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Engaged Neighbors: The Key to a Strong Community 

By Brent Huff and Mike Gardner 

Porch Press readers regularly express a desire to get more involved in our neighborhoods. However, since there are many organizations and ways to get involved, it can be confusing. This article will attempt to explain what each organization does and how neighbors can get involved. 

            Attending neighborhood meetings is a great way to have a voice in what happens in your neighborhood, in southeast Atlanta, and the whole city. You can learn about important issues and meet other people who care about your community and your issues. 

            Atlanta has over 240 neighborhoods. In 1974, Mayor Maynard Jackson created the Neighborhood Planning Unit (NPU) system to enable citizens to give input more effectively to the city. The system divided the city into 25 geographic areas called NPUs, labeled A to Z (excluding U). 

            If you receive The Porch Press, you likely live in NPU-W. As an all-volunteer organization, NPU-W has monthly meetings to update residents on city activities and to gather their input. Topics include items like zoning variances, alcohol licenses, and festival approvals. NPU-W comprises three southeast Atlanta neighborhood associations: East Atlanta Community Association (EACA), Grant Park Neighborhood Association (GPNA), and South Atlantans for Neighborhood Development (SAND). 

            SAND was created 50 years ago as an umbrella organization for several neighborhoods and subdivisions including: Benteen Park, Boulevard Heights, Custer-McDonough-Guice, Glenwood Park, North Ormewood Park, Ormewood Park, and Woodland Hills. SAND gives these neighborhoods a means of collectively communicating to NPU-W, as well as to the City of Atlanta. 

            Any resident can attend and become part of their Neighborhood Associations or NPU-W. Voting rights vary, but generally are allowed after attending two or three meetings within a 12-month period or by paying a small membership fee. The meetings often include updates from City Departments such as Police and Fire, Code Enforcement, ATL311, etc. Periodically, elected officials from the City, County and State will give updates on what is happening in their jurisdictions.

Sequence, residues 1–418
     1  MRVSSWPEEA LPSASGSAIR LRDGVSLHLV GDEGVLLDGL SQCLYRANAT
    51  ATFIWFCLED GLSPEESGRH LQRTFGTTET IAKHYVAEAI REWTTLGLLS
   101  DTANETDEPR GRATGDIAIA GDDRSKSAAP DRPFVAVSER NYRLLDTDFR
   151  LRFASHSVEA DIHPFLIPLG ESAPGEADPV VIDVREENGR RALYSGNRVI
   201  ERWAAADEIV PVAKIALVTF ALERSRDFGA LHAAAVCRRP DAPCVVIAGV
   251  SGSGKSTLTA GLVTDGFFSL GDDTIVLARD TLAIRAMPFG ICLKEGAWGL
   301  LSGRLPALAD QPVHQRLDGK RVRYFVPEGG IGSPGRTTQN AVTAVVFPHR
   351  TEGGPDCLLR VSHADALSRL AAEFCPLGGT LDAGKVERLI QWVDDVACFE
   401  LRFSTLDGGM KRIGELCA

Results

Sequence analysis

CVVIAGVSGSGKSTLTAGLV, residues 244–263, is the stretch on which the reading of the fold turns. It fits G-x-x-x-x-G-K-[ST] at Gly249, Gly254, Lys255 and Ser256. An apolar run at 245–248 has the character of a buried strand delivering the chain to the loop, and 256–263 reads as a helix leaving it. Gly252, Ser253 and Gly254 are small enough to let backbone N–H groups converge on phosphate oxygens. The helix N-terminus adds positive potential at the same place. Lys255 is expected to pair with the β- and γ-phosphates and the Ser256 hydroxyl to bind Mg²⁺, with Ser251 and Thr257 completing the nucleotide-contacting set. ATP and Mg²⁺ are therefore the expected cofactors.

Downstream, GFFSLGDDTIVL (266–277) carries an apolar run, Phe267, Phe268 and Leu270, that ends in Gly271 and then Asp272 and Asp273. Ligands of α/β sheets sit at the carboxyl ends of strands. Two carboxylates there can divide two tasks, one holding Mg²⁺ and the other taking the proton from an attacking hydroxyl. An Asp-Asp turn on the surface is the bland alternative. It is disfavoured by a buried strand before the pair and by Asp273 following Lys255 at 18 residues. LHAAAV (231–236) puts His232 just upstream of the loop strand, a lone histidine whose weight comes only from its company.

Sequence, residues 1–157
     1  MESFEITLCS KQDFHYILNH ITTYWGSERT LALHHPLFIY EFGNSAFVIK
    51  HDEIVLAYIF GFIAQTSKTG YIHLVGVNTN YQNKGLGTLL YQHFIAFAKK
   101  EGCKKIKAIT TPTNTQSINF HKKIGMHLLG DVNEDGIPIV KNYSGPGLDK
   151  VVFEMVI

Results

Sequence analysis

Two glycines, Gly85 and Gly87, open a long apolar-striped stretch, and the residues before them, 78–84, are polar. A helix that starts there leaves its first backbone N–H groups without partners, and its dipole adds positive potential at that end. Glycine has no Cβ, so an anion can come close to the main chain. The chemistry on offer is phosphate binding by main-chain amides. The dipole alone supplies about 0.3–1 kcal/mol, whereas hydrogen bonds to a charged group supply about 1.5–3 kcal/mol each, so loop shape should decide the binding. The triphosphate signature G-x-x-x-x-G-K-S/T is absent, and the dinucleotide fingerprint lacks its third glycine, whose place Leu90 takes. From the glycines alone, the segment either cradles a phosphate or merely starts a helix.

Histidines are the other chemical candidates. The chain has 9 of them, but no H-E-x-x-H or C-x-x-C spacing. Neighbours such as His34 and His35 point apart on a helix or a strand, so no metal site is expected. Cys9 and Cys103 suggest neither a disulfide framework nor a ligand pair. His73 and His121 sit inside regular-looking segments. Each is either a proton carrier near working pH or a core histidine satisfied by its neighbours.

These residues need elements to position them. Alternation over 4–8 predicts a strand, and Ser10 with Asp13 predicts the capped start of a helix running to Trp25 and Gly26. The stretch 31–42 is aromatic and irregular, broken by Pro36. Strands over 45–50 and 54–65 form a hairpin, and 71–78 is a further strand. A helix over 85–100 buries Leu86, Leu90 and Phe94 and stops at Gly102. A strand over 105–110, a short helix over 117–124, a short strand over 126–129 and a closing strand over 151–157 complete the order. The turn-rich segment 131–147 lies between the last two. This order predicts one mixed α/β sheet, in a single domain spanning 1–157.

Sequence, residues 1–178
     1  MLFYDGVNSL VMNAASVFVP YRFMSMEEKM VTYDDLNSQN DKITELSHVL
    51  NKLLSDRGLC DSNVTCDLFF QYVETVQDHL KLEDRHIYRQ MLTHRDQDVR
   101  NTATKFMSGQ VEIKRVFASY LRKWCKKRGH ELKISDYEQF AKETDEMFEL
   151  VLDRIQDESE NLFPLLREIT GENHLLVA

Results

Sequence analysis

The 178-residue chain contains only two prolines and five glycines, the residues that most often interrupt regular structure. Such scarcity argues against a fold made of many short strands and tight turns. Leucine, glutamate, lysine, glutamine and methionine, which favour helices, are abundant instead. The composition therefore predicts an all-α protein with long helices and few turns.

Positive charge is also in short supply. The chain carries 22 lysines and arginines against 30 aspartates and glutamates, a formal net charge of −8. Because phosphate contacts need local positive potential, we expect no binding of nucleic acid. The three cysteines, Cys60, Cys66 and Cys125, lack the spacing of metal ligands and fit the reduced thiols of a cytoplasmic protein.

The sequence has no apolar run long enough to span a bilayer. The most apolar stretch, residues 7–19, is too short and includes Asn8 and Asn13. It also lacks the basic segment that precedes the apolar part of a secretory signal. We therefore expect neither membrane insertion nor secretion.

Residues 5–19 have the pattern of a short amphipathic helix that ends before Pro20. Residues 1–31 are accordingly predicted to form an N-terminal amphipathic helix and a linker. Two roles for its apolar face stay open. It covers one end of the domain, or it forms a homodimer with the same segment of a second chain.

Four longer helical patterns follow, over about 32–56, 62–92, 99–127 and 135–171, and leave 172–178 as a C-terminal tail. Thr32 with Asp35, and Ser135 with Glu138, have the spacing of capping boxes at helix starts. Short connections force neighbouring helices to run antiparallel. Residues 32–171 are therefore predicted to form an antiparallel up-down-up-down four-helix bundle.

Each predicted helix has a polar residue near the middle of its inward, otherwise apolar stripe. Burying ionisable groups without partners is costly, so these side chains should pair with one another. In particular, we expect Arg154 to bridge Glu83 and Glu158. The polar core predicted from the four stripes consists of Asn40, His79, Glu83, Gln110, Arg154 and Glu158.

NPU-W and Neighborhood Associations have a say in items that affect you and your neighborhood. These include changing zoning rules, authorizing new house construction, or adding on to a home. They approve alcohol and festival licenses, and can influence city decisions about streets, sidewalks, and bike lanes. 

            All voting items are presented at the impacted Neighborhood Association and the appropriate NPU-W committee. NPU-W’s standing committees include Land Use and Zoning, Neighborhood Safety, Transportation, and Bylaws & Procedures. Finally, the items proceed to the NPU-W General Body. The votes are recorded and reported to the city. 

            Neighborhood Associations, NPU-W committees, and the NPU-W General body each hold monthly meetings. They are all either virtual or hybrid. Here is the monthly schedule: 

Neighborhood Associations 

EACA: 2nd Tuesday

GPNA: 3rd Tuesday

SAND: 2nd Thursday

NPU -W: (select meetings) 

Land Use & Zoning Committee: 1st Tuesday

Bylaws Committee: 1st Thursday

Neighborhood Safety Committee: 2nd Thursday

Transportation Committee: 3rd Monday

General Meeting: 4th Thursday

While NPUs are not intended to resolve conflicts between neighbors, they are intended to give residents input opportunities in their community. By becoming involved, you can help decide the direction that your neighborhood takes. Your time investment can make a real difference. 

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